Everything you need to know for a fabulous weekend break in Rome
To see life lived with flair and passion. Definitively romantic, Rome’s walkable mix of glittery shops, welcoming restaurants and cultural treasures guarantees a rewarding break. History is everywhere, so just pack a good guide book, then go wandering the streets with your lover…
Villa Laetitia, an exquisitely decorated residenze recently created by Anna Fendi Venturini, one of the five sisters at the heart of the legendary fashion dynasty. Adorned with Fendi furniture and drawings by Karl Lagerfeld, it sits within a peaceful walled garden beside the Tiber. All 15 rooms are individually designed and come with a small kitchen, while suites have a patio, balcony or terrace.
The Hotel Hassler, meanwhile, has an unbeatable location atop the Spanish Steps. This small, atmospheric hotel has a rooftop restaurant, hair and beauty salon and recently played host to Katie Holmes and Tom Cruise before their star-studded Scientology ceremony.
The streets around Via Condotti offer a roll-call of swanky Italian brands, and don’t miss TAD (Via del Babuino 155), a super-hip concept store with a cool café at the back. Near Piazza Navona, Via del Governo Vecchio is good for one-off boutiques – check out Arsenale (64) and Paolo Franco (33). In Piazza di Spagna, pick up a jaunty cap at La Coppola Storta, while Sermoneta has a great range of gloves from about £20.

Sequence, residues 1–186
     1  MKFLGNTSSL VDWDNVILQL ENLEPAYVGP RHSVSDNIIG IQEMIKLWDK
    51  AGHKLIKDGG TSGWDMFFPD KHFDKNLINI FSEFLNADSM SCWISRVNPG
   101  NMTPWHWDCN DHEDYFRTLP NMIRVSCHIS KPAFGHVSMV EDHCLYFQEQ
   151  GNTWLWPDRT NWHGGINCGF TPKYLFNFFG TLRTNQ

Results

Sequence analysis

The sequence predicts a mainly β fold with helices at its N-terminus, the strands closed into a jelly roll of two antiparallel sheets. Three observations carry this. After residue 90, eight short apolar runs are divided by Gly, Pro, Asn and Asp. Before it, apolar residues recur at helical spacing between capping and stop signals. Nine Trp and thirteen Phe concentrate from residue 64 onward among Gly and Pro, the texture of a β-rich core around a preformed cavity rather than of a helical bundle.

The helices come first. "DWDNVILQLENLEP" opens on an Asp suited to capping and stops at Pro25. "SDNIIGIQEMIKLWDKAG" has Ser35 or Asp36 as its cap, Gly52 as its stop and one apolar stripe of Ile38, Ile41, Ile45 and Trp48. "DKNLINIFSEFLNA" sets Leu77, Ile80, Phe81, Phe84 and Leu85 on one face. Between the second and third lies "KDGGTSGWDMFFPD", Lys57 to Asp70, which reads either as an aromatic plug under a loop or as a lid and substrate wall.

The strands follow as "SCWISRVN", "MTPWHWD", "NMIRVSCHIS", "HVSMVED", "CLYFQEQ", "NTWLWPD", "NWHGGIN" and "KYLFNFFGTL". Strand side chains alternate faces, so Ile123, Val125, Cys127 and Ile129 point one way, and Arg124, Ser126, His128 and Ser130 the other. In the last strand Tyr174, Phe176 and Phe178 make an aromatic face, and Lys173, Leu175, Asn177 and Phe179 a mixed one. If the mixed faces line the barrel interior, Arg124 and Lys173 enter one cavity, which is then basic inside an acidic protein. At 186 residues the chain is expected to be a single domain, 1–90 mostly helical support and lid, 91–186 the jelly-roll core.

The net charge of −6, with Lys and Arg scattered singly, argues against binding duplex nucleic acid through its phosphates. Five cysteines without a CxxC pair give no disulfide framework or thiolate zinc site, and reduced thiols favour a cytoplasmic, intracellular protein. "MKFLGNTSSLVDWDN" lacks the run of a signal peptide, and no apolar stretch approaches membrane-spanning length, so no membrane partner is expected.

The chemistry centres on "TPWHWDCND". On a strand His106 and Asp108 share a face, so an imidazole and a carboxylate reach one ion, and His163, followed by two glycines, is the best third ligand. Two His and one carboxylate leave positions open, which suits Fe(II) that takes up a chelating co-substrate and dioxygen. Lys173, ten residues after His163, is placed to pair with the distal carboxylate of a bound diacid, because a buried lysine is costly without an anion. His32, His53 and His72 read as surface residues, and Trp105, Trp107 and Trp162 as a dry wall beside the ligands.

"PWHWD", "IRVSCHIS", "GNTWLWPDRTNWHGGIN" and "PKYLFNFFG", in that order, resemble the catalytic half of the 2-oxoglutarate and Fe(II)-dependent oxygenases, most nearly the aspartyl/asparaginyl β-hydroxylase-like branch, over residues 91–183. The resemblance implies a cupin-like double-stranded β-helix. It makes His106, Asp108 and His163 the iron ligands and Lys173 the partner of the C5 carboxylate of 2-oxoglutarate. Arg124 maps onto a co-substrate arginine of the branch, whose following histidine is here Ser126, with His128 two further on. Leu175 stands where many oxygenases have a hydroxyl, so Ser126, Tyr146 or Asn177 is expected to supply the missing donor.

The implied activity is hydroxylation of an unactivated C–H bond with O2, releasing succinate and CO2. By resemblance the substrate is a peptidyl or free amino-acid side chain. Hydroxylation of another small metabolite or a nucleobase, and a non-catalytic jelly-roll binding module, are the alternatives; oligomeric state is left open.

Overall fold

Rome’s culinary strength lies in its neighbourhood trattorias. If it’s full of locals, join ’em… Obika is a slick restaurant devoted to the many types of mozzarella, while Maccheroni serves hearty Italian fare. If the budget’s tight, seek out Gusto where you can enjoy a buffet and a glass of wine for £8, or if you’re feeling flash dine on the terrace at the Michelin-starred Mirabelle restaurant on the seventh floor of the Hotel Splendide Royal.
For a classic dolce vita moment, sip prosecco outside creeper-clad Caffe della Pace. Across the river in Trastevere, Freni e Frizioni is an arty cocktail bar full of handsome guys using crash helmets as handbags. For a trip into the past, Palazzo Massimo alle Terme, next to Termini rail station, is a mighty museum with terrific Roman mosaics and sculptures, and also check out what’s on at the Museo dell’Ara Pacis.
The Spanish Steps, which lead down to the Spanish Embassy, are the perfect place to people-watch. Young hopefuls used to hang out here, wanting to be chosen as artists’ models, and today it remains a popular meeting place. The nearby Trevi Fountain is Rome’s largest and most famous fountain and throwing a coin in the water is said to guarantee your return to the city. No trip to Rome would be complete without a visit to the Colosseum, a giant amphitheatre where gladiatorial contests and public spectacles were held. Equally as impressive are St Peter’s Basilica and the Vatican Museums, where you’ll find the Sistine Chapel. Its ceiling, which includes the iconic image The Creation of Adam, was painted by Michelangelo and is one of the most renowned artworks of the Renaissance.
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See flightmapping.com or seat61.com for flight and train options. Shortlist Rome 2008 (£6.99, Time Out) is a handy pocket guide, or log on to romaturismo.com, romapass.it, rome-tourism.com and enjoyrome.com.